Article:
Customize Your Google Search Page
Google will now let users add personal photos to the background of the traditionally minimalist search page, Google announced in a blog post Thursday.
In what is perhaps a transparent effort to out-feature Microsoft Bing, Google is ditching its boring white background and letting users upload their own photos. The Microsoft Bing search site features a different, Microsoft-chosen background picture every day.
Users are given three methods for customization--they can upload a photo from their computer, they can choose a photo from their Google-run Picasa photo album, or they can choose a photo from the public Picasa photo album. The feature is not yet available to all users, but Google said it plans to roll out the feature for U.S. users over the next few days.
To change your Google background photo: click on the link in the lower left corner of the Google search page (if you do not see this link, the feature has not been added to your Google yet).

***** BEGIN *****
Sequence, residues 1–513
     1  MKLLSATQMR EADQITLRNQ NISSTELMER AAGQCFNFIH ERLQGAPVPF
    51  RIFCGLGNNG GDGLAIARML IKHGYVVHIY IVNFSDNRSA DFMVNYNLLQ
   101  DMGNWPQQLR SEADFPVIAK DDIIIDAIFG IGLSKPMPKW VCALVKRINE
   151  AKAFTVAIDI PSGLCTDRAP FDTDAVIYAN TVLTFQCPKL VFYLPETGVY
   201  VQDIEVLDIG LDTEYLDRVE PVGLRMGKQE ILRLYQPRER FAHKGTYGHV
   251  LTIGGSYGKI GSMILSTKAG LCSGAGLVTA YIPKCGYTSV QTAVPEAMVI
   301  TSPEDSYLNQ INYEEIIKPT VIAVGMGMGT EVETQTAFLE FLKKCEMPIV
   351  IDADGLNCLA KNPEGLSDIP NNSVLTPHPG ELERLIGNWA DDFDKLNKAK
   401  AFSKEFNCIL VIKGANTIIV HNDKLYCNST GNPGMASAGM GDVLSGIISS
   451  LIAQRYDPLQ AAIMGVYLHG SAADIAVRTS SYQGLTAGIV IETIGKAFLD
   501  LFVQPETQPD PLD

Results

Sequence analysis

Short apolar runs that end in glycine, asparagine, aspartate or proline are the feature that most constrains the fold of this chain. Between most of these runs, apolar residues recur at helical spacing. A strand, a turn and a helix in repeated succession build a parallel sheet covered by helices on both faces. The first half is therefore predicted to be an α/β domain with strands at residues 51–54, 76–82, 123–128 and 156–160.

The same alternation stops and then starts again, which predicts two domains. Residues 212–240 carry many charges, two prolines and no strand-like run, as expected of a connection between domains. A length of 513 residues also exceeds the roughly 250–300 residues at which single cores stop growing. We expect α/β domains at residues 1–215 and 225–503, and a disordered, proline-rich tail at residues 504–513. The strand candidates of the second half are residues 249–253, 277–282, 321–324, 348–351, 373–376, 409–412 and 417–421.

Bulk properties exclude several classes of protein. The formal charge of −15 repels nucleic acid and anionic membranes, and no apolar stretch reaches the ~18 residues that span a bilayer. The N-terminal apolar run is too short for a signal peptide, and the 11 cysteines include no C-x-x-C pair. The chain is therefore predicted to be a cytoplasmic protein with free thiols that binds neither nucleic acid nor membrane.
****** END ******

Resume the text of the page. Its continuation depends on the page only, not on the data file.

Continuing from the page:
Will a big hulking image on the search page background affect Google's load time, though? No, Google assured InformationWeek in an email, the load time will not be affected.
According to a Google spokesperson, "The homepage does not load any slower. With or without a background image, the Google search elements show as quickly as before, allowing users to search just as quickly as without the new feature. We make this possible by post-loading the photo -- we load the search elements first and then load the picture into your browser cache and show it as soon as it is available. Meanwhile you can already perform your search."
So it looks like Google is dedicated to user personalization--either that, or they looked at Bing and decided that perhaps minimalism isn't all it's cracked up to be. If you really enjoy Google's traditional search page, don't worry--you can still use it.
Google's Marissa Mayer, vice president of search products and user experience, suggests that users start tweeting snapshots of their new Google search pages, using the Twitter hashtag #myGooglepage. I won't get started on how even Google thinks you should tweet instead of "buzzing."